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Skills Shortage Action Through Industry Training

Skills Shortage Action Through Industry Training

The key message from the Department of Labour’s Skill Shortages report for the September 2002 quarter released today is that solving the general skills shortages problem remains a key to the economic transformation of New Zealand and its return to the top half of the OECD.

“Industry Training Organisations (ITOs) set the standards and managed the industry-based training of over 95,000 New Zealanders in 2001. This is a huge contribution to getting New Zealanders the skills they need so they can deliver for the needs of themselves and their families while delivering the skilled work business needs”, said Darel Hall Executive Director of the Industry Training Federation.

“The Government is right to identify extending the training culture within business as a key long term component of solving the skills shortage. ITOs are a central part of that solution, working with our sector colleagues and partners.

“The Government has a lot of work to do this budget to fund its commitment to industry training and the target if has set itself of 150,000 people in industry training by 2005, and 250,000 by 2007. The Government has increased industry training funding by 50% since 1999. Despite this increase, current Government funding is unable to meet the rapid growth in demand for industry training. According to official figures, the Government has demand for around 15% more industry training that it has been able to fund in 2003.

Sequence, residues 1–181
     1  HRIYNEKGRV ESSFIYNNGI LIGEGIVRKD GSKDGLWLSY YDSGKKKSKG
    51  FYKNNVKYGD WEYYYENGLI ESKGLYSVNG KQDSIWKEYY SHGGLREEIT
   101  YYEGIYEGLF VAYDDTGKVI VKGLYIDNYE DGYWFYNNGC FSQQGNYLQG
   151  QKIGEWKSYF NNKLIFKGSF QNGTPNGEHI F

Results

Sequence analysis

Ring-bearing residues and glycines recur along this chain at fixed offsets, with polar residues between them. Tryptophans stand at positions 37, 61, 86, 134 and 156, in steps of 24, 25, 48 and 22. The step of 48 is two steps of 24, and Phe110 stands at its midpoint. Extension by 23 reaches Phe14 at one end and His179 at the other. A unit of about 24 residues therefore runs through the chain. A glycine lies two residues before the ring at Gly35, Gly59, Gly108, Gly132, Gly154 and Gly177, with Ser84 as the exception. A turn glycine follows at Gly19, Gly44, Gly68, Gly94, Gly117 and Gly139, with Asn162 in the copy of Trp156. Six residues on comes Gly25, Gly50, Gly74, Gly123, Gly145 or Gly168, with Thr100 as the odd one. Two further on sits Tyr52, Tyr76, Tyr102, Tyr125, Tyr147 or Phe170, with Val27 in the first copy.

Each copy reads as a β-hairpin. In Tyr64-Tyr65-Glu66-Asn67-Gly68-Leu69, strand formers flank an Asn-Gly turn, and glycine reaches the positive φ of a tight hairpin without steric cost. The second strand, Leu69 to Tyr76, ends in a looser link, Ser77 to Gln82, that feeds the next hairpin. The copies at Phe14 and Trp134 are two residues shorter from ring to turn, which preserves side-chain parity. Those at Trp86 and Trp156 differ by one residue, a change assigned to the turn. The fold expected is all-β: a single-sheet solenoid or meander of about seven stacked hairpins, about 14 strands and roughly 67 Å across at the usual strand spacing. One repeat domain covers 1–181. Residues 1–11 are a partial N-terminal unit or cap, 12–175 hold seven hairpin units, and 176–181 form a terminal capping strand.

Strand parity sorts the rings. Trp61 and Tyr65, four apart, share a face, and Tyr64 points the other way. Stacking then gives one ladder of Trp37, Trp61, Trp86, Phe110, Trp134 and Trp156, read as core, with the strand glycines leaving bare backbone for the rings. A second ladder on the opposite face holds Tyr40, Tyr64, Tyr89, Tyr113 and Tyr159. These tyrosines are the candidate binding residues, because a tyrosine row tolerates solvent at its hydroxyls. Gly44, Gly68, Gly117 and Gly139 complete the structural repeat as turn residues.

“Industry contributes capital, time and cash to the cost of training in partnership with Government. ITOs have over-delivered in the last two years – managing 16% and 19% more training than funded. This is unsustainable. Industry sectors are identifying vocational education and training as a key component of their strategic plans; the Health and Disability strategy alone could mean thousands more people involved in workplace-based learning. In addition, the contracting sector is looking at major increases in learning requirements, for example in the bitumen component where required training will lead to thousands of extra trainees in the short to medium term.

“Some 40 ITOs (over 85% of ITOs) met recently to discuss the impediments to their contribution to transforming New Zealand’s economy. A range of issues were discussed, funding growth to meet demand was inevitably a key issue that Government will need to face.

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